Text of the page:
Then there was the time several years ago, when I lent one of my siblings $500 on the condition they pay me back in three months. They agreed and thanked me for helping them out in a pinch. Five months went by with no sign that repayment was coming any time soon. So, I finally delicately inquired as to when I could reasonably expect my loan to be repaid. My outrageously pushy inquiry enraged them. They snapped back, “I’m family. You should NEVER expect a family member to pay you back. I can’t believe how greedy you are.” I guess I missed that financial life lesson from childhood. Oh, and then, apparently for emphasis, they leapt out of the car I was driving while it was in motion.
Starting to see a pattern here? Every example involved one of my siblings. Yes, I come from a particularly hardy stock of Anglo Saxon ancestors, who, it appears have DNA markers for male pattern baldness and for being extremely sensitive and easily offended.
But perhaps the most egregious example of my totally self-absorbed, narcissistic character took place in late November 1974, during my second year of college at the University of Virginia. My hometown is Albany, NY. But my father wanted a family Thanksgiving in Columbus, Ohio that year, since a couple of my siblings lived there, along with many other Jones clan relatives.
But I wanted to spend Thanksgiving in Albany, to visit my mom (my parents were divorced) and some of my high school cronies. My father went so far as to book my roundtrip airline reservations from Charlottesville, VA to Columbus, changing planes at Dulles Airport outside of DC. I disobeyed my stern father’s direct mandate and flew to Albany anyway. My egocentric impudence was met with understandable parental fury and threats of cutting me off financially.
Interesting thing about that weekend. It turns out that the December 1st TWA return flight my father had booked me on after Thanksgiving, from Columbus to DC crashed, killing everyone on the flight. (True.) Had I complied with my father’s orders, you would not be reading this article today. Nevertheless, my father was still annoyed at me for not sufficiently apologizing for being so rude as to ignore his charge and go to Albany instead. (Not exactly sure how I would have worded my apology. “Sorry I am still alive to say I’m sorry, Dad?”)
Like I said, I have a long history of being a selfish, insensitive person. Just ask one of my siblings. And for that, I apologize…. again…..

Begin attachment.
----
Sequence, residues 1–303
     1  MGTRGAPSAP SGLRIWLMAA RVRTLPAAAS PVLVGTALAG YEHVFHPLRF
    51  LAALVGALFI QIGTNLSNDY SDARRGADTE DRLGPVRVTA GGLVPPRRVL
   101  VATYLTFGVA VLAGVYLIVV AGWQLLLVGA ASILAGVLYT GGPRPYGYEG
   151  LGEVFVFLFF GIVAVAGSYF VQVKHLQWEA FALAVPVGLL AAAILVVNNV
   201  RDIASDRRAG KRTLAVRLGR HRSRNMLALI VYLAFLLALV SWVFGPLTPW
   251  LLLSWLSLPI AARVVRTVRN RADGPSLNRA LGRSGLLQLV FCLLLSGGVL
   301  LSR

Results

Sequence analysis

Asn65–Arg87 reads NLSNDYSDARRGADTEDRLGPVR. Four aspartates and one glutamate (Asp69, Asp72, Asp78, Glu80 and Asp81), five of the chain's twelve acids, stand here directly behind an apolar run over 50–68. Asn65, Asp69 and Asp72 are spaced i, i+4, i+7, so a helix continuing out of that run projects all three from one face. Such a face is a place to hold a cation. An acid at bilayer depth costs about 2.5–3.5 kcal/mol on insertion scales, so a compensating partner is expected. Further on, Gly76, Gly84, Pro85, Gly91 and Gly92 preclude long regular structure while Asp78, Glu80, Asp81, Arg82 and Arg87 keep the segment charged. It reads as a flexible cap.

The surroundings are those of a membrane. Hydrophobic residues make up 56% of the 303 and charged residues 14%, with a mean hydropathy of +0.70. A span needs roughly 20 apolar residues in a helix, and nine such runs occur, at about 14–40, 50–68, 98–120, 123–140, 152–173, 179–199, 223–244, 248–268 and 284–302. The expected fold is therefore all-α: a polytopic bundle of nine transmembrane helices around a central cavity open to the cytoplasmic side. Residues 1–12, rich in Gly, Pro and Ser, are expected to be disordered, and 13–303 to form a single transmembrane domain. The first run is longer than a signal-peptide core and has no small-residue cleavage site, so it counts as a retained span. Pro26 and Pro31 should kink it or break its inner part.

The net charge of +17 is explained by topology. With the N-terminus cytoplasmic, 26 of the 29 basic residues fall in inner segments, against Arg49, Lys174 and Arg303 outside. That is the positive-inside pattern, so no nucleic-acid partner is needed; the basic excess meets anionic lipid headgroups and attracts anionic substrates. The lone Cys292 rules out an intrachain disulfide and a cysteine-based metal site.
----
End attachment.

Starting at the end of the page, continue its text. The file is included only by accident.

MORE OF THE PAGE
That’s the view from the bleachers. Perhaps I’m off base.
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© Tim Jones, View from the Bleachers 2021.
Wow…I never knew you came that close to to being in a plane crash! It explains your love for life and laughter. Keep it up my friend! Live it up..dance like nobody’s watching…sing loudly regardless of talent…fart publicly too your heart’s delight…er…ah…now I understand why people are finding you so offensive….
This is a sad one, Tim. But I’m thinking the disappointed genes must have come from your dad.
Glad you are alive!
I can’t begin to explain how offended and upset I am because of your article, Tim. And your socks. Screw you!
I have to agree with most of what your friend Kevin had to offer.
I can’tcomment on your socks since this is the one article of clothing I did not borrow from you in college.
Let us not share the underwear incident.
OH MY GOSH. A plane crash. Yikes. I hope your siblings are like mine. They don’t actually read my column.
Tim, I am so glad that you are finally working through all of the egregious and thoughtless acts and oversights you have committed, albeit it has taken you forever. I trust that in the future you will not do anything without careful reflection about how it could be misconstrued by anyone in the world.
Oh man, you are SO screwed once your siblings find out about this! Of course, it sounds like they don’t have the good sense to read your articles, so you’re probably safe.